At 2 cents per gallon, Wyoming’s beer tax is well below both the national average of 28 cents per gallon and considerably less than all its neighboring states’. The policy makes Wyoming’s beer prices very competitive with those of neighboring states. Wyoming legislators recently have begun considering proposals to increase the beer tax radically, to about 18 cents per gallon, and use the revenue to improve substance abuse programs.
The current tax is not a significant source of revenue for the state, contributing only $265,000 to Wyoming’s general fund in 2012 according to the Associated Press. The state’s real source of revenue for alcoholic products comes from a 17.6 percent mark-up on wine and spirits it charges retailers at its state-run warehouse in Cheyenne, from which all retailers must buy their alcohol. (Wyoming is one of 17 states that administer alcohol as a wholesaler.) According to the Casper Star-Tribune the combined total of taxes and mark-up fees brought the state $14.5 million in revenue in 2012.
Critics of the tax hike proposal argue the current tax, although low, already hurts local small businesses and microbreweries and the increased tax would put these businesses at a competitive disadvantage. Some legislators have asked how much it costs the state to collect the beer tax and taxpayers to prepare the payments. Estimates from the Wyoming State Liquor Association have found the usual cost businesses pay is low but the cost of compiling and filing the necessary reports each month adds expensive accounting costs.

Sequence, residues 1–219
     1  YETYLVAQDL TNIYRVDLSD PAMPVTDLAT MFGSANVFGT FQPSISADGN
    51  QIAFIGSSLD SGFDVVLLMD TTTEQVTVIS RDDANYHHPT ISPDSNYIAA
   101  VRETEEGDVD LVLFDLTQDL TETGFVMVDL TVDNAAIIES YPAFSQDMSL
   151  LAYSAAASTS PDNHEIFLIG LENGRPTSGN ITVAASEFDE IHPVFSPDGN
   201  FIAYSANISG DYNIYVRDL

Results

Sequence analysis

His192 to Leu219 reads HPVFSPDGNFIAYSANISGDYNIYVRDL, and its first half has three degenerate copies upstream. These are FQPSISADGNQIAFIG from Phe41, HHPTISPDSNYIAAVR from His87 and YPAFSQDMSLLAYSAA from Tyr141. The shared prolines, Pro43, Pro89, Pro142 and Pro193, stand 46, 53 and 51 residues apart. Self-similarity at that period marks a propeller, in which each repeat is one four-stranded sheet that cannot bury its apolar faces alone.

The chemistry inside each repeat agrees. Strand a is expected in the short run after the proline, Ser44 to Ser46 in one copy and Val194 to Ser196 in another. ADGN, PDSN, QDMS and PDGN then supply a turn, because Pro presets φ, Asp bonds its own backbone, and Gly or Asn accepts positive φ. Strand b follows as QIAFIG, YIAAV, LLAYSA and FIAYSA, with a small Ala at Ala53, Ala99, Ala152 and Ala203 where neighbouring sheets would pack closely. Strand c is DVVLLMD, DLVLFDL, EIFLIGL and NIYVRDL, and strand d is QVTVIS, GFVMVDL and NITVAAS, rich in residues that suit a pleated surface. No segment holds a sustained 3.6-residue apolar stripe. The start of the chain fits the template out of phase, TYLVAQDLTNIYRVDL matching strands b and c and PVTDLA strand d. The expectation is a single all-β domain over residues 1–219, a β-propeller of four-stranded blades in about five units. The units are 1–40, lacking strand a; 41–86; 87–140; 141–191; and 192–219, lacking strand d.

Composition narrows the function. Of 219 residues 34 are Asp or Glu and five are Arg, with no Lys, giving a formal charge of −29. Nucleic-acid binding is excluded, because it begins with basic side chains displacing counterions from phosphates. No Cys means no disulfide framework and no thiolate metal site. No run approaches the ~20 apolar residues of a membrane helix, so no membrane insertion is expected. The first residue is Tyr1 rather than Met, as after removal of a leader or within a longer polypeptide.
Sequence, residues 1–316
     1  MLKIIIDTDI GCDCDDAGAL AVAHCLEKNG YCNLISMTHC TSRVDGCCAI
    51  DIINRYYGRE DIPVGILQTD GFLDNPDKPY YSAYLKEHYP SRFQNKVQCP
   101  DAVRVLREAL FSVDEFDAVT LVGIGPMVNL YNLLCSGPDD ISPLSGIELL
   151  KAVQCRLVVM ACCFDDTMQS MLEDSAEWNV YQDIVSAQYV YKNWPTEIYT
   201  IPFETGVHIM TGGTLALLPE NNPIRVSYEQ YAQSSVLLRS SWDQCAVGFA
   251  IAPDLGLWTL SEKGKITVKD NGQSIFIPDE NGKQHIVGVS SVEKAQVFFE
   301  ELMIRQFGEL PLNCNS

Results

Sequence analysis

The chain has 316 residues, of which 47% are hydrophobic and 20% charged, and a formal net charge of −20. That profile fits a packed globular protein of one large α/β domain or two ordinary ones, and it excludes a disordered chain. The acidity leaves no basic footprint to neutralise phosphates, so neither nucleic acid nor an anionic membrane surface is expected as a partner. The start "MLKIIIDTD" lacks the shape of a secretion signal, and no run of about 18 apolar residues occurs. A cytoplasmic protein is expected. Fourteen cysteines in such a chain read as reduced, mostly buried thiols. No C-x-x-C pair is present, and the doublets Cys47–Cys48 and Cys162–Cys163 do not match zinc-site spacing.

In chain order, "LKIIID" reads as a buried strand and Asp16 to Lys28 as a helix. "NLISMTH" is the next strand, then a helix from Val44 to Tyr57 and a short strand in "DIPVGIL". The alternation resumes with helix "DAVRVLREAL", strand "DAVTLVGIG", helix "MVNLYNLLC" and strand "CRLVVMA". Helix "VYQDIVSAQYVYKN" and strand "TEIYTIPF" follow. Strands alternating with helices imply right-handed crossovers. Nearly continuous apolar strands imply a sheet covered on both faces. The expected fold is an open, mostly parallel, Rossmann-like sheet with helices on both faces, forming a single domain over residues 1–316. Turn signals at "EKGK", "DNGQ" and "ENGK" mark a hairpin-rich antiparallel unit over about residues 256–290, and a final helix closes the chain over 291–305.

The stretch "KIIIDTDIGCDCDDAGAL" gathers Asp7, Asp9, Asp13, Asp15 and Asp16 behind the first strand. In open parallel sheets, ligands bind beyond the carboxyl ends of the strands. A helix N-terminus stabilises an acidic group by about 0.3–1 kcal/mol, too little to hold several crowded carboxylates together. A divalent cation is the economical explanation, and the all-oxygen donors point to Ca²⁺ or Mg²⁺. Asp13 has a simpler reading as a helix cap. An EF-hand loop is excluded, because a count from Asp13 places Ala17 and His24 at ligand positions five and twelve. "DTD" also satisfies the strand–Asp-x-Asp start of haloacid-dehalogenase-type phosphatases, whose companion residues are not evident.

Sin taxes, like those being proposed in Wyoming, are bad policy for many reasons. First, the taxes have a strong detrimental effect on Wyoming businesses. Businesses stand to lose sales as consumers seeking to avoid the tax vote with their feet and shop outside the state. Alcohol taxes also unduly burden moderate- and low-income individuals. Although many consumers think they can dodge these taxes by avoiding the product taxed, these taxes are commonly shifted to other products when the revenue runs short of expectations. So when the substance abuse programs become dependent on beer tax revenue that does not materialize, other taxes are raised to keep the programs funded.
Wyoming should not adopt tax policies that would destroy any competitive tax advantages it has, whether on incomes, sales, or specific products. Instead, it should defend those advantages and aim to lower the tax burden on taxpayers.